I leave knitting and crotcheing to Hubby's Mum, I've stocked up on scarves, beanies, socks and dolls before her fingers get arthritis.



          19. User avater
            Becky-book | | #55

            I find hand knitting to be a 2 handed operation and just let the left hand do more of the moving.  Now I have a simple knitting machine and can do hats and blankets VERY fast, sweaters take longer. (what do you call them in Aust. wooly jumpers? or something else?)

            Crochet I do backwards! but it all works out in the end!


          20. fabricholic | | #56

            Will you explain to machine how the knitting machine works?Marcy

          21. User avater
            Becky-book | | #66

            I have a low-end version ($100 from Joann's, Bond Sweater Machine) but it works for what I do.

            It is a long bed of hooks that look like latch-hooks for making rugs. The yarn is fed through a shuttle that holds a keyplate and slides on top of the bed of hooks.  The keyplate moves the hooks back and forth, the shuttle places the yarn in the hook and it gets pulled through the previous row of loops. Different sized keyplates make differing sized loops thus changing the gauge.  There, now you have the very basic idea of the thing, if you want more detail e-mail me.


          22. fabricholic | | #69

            O.k. It is automatic and you don't wrap yarn around hooks, right?

          23. Cherrypops | | #63

            Lucky you a knitting machine. What type and how big? I'd love to be able to do more with wool. Maybe one day. I have my Janome 350e Embroidery Machine now. So am working that one out.

            Luckily Wally wombat gave you great answers about the wooly jumpers, I was going to tell you it's a cross between a Kangaroo and a Sheep....lol..

            It's great you can crochet and no-one is the wiser. Still looks the same in the end.






          24. dionna | | #75

            Hello ladies I'm also  left handed and I sew and cut with both hands when one hand gets tired I use the other one I use both hands for every thing when I was in grammer school I used to write with my right hand some time when I had completed my class work. I did'nt have any thing to do.  Thanks ladies I havent tried it  in years.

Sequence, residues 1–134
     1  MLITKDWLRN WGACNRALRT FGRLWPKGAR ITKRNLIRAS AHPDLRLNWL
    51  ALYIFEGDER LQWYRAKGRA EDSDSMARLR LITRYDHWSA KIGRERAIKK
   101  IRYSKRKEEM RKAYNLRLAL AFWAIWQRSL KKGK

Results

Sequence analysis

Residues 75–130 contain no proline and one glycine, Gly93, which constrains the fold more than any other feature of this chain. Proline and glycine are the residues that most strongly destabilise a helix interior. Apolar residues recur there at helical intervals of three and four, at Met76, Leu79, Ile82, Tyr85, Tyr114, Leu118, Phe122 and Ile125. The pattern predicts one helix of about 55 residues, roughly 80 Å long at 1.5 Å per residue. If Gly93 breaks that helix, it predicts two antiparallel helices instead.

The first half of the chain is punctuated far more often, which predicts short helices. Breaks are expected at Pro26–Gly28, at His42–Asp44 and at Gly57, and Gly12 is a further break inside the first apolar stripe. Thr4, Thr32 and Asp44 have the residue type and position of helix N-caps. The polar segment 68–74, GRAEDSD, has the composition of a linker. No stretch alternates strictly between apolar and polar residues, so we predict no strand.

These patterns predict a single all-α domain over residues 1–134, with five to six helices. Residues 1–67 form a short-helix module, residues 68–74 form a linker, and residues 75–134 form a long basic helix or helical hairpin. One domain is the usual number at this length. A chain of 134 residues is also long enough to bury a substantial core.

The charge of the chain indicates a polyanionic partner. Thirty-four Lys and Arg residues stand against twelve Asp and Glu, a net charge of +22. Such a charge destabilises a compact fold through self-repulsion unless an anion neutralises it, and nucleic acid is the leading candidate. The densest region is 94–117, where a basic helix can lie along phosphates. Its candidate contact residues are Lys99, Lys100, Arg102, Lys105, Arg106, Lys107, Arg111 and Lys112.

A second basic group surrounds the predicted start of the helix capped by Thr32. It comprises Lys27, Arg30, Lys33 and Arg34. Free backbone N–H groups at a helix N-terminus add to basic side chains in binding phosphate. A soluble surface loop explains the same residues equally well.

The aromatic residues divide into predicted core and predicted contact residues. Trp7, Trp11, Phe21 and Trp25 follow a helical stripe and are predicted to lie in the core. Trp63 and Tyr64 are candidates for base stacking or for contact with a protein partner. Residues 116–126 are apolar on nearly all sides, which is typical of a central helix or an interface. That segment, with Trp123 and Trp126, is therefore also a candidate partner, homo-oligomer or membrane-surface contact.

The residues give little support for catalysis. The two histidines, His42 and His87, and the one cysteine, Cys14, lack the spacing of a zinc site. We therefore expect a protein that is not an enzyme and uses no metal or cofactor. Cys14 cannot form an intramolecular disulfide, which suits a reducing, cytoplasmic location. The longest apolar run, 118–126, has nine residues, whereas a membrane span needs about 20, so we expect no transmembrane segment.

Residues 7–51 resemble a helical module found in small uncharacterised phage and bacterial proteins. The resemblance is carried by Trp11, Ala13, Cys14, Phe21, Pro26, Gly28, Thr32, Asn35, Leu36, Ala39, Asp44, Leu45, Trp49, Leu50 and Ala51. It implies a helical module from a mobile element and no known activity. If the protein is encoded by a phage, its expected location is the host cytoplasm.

25. Cherrypops | | #76

            I too have written (printed letters, not lettering/handwriting) with my right, it is legible, looks like a primary school effort. Hey you do what you have to right! I got rapped over the left knuckles with a ruler by the teacher in year 2 so I did use my right hand for a while, mum told her not to do it again I was left-handed! Don't force me.... it was the mid 1970's.

          26. dionna | | #77

            I'm left haned but I only use my right hand when my left is very tired.but I cut fabric with both hands

          27. Cherrypops | | #78

            You cut fabric with both hands...Lucky you..I never mastered scissors with my right.

            Do you use both hands at the same time. Cutting up the side seams. That would save time.

          28. dionna | | #79

            yes this saves me a lot of time

          29. Cherrypops | | #80

            Do you know many others who do this?

            I'm in awe.

          30. dionna | | #88

            yes 1 friend that write with both hands

          31. Cherrypops | | #89

            thanks dionna, pop over to the non-sewing chat sewing thread when you get time.



          32. User avater
            MrTouch | | #86

            LEFT HAND FOLKS

            My thought on that is: If you notice, when you teach very young kids something, you are facing them for the most so they can see you. So your RIGHT is LEFT to them. If you do something with your RIGHT hand they will try to do it with the LEFT hand. I noticed that with my children. So I thought if while sitting on the floor doing things with them I would try to do this. Sit on the floor and get behind them. Now everything done with my RIGHT hand will be coppied by them with thier Right hand. It worked every time. All of them are RIGHT hand people. At times I wish I were a lefty, especially when it comes to trying to pin some projects. Them pin sticks hurt.


          33. Ralphetta | | #87

            Don't I remember  that the reason some people tie a bow that has the loops going front-back instead of side-to-side because they learned by watching someone opposite them tie them? Am I right...or just mixed up?

          34. User avater
            MrTouch | | #90

            No, you are not mixed up. You are right


          35. fabricholic | | #92

            Hi Ron,I am a lefty and my right handed grandmother taught me how to knit, when I was little. By the way, love your quote on your profile. Please everyone, fill out your profile so that we can have a sense of who you are, that is, if you don't mind us knowing.Marcy

          36. User avater
            MrTouch | | #93

            Hi To You. And thanks. Profiles are a very important part of the threads I think. Just knowing a tad bit about the nice folks you are posting with makes it just a bit more personal and adds a bit of that down home feeling. Profiles or not: So far everyone that I have met here in THREADS are very wonderful folks. Hi Everybody. Back to the drawing board I go. I am trying to learn how to make dresses. Never made one B4, but should be fun to do. Titanium Coated Sewing Needles Rule